Indo Caribbean New Yorkers Celebrate Eid

Indo-Caribbean Muslims celebrated Eid ul fitr on Tuesday June 4 with prayers and a feast. Indo-Caribbeans have brought time honored traditions to New York and other parts of USA and Canada. Islam was brought to the Caribbean by Indians from India during the indenturedship period (1838-1917).

Indo Caribbean New Yorkers Celebrate Eid

Indo-Caribbean Muslims celebrated Eid ul fitr on Tuesday June 4 with prayers and a feast. Indo-Caribbeans have brought time honored traditions to New York and other parts of USA and Canada. Islam was brought to the Caribbean by Indians from India during the indenturedship period (1838-1917). From the Caribbean, Indians brought Islamic cultural practices to the US that are now institutionalized in New York and other parts of the country.

Eid was observed by New Yorkers on Tuesday ending the month long period of fasting for Ramadan (Ramzan or Rojah in the Caribbean) with the sighting of the new crescent moon on Monday night.  The preceding month was a period of restraint and self-control as Muslims fasted. Eid is a day of kindness and charitable giving and thousands attended service to mark the occasion on a bright cool windy morning in New York. There was a lot of enthusiasm and ambience. The Eid festival was infused with a festive zest among the celebrants. The masjids and homes of Muslims were festooned with green flags, balloons, and posters. The nights in Richmond Hill during Ramadan saw homes in dazzling colorful, mostly green hues and bright neons.

 Liberty Avenue bubbled with business activities with the celebration.  The place is festooned with decorations. Green balloons were seen around tents at some homes. Bakewell on 127 Street and Liberty distributed snacks and hot coffee to passersby on the occasion of Eid.

Fasting for Muslims during the month of Ramadan, which began on evening of May 5, is one of the pillars of Islam as revealed by the Prophet Muhammad in the holy book Quoran. The Koran says Muslims should fast because it improves heir health and gives a sense of devotion to God. Every evening, Muslims, men dressed in white attire and females in beautiful shalwars or querishis or hijabs or other outfits, were seen hustling to get to the mosque after work for prayers and the breaking of the fast. As the imams explained, Ramadan does a lot of good to a person, mentally and physically. And the ending of Rojah, known as Eid, is a time for celebration, thanksgiving and remembrance. It is a time to get together in a brotherly and joyous atmosphere to offer gratitude to the creator for having helped them fulfill their spiritual obligations.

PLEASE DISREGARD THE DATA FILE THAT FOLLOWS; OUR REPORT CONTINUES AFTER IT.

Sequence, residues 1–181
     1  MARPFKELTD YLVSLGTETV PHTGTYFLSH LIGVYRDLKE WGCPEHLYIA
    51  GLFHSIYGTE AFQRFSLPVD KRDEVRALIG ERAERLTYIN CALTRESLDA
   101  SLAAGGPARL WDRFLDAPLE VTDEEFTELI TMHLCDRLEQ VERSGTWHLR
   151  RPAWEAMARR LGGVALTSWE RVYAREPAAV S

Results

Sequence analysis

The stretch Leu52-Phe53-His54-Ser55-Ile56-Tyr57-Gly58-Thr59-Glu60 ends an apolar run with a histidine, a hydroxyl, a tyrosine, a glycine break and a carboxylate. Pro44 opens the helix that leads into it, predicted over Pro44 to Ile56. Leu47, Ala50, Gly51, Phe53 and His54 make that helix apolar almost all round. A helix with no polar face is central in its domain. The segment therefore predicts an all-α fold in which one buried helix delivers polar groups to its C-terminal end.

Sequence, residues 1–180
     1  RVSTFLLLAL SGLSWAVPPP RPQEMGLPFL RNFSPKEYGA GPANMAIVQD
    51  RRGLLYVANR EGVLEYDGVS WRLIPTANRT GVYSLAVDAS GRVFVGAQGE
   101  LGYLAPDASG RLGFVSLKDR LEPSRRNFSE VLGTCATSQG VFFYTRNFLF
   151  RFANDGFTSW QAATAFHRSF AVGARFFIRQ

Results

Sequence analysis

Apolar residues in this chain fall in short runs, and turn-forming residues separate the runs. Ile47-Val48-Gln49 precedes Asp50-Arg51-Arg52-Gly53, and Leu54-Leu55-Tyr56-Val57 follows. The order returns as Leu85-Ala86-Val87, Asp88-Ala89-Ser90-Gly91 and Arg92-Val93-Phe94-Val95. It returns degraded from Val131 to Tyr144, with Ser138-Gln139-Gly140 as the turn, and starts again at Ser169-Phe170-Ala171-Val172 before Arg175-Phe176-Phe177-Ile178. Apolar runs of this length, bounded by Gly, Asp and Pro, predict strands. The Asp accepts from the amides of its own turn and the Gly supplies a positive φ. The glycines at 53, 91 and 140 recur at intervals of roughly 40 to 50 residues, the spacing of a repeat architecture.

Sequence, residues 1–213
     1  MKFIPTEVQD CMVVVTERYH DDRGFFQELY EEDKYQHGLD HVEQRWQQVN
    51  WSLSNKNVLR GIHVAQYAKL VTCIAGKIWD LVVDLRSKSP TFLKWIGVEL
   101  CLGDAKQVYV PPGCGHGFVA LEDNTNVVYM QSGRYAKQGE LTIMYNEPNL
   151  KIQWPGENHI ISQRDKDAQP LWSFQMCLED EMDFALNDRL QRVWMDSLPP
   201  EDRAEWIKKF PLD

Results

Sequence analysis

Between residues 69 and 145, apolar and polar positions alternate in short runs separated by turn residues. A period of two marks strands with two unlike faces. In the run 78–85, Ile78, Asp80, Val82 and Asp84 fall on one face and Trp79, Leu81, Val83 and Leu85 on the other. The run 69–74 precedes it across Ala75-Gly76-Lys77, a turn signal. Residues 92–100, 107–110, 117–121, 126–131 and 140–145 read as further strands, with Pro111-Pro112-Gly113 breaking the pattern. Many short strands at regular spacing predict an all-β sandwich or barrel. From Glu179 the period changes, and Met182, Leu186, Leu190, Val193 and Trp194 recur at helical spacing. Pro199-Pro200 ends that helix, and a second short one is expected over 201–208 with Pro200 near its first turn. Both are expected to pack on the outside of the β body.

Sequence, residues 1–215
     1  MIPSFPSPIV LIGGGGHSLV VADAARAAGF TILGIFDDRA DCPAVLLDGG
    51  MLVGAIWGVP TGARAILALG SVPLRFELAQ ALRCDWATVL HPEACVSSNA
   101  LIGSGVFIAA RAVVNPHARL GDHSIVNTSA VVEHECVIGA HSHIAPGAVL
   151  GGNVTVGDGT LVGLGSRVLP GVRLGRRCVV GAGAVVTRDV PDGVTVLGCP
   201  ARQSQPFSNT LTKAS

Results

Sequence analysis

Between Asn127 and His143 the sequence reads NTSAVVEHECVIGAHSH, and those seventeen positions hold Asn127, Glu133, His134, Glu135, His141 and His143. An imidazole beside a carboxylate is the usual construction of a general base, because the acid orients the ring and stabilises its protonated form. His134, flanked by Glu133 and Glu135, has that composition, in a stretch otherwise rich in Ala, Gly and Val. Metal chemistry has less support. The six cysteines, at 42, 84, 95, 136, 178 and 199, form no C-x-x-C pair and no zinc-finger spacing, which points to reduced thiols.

In Richmond Hill, hundreds attended prayers on the final evening of fasting Monday night and thousands attended service Tuesday morning for the Eid celebration. Streets were closed off around the Masjids in Richmond Hill to accommodate worshippers who gathered in the streets to offer Salaat or namaz.

The Al Abidin Masjid on 127 Street, Liberty Avenue, the largest among the Guyanese mosques, had over a thousand people. Jama Masjid was also packed to capacity. The street in front of the mosques were closed to facilitate the congregants who were well dressed in new traditional attire. Worshippers were seen praying with their footwear removed; loudspeakers blared prayers (dohas) in Arabic and Urdu and translated into English. Women prayed inside the mosque separate from the males.

Special meals were prepared and served to the congregation at the breaking of the fast on Monday night and early Tuesday morning right after prayers.  Congregants were seen consuming vamazally (sawine) and dates and socializing. Celebrants were basking in the festive spirit. They hugged and embraced and wished each other Eid Mubarak. Muslims also exchanged gifts and cards. Many donated to the less fortunate.

 It is the tradition among Indians to share sweets to neighbors.

Worshippers also offered zakat (donations) to various funds (construction, foundations) and to the imams and the poor.

In New York, Eid is a relaxing day for Muslims who will gather at various parks for a day of entertainment. Members will also gather at homes of relatives and friends for lunch and dinner. It is a day for cancellation of parking regulations to facilitate celebrants and a school holiday. The homes and businesses of Muslims were seen brightly lit up Monday night with the crescent sign and colorful flickering lights.

Eid Mubarak!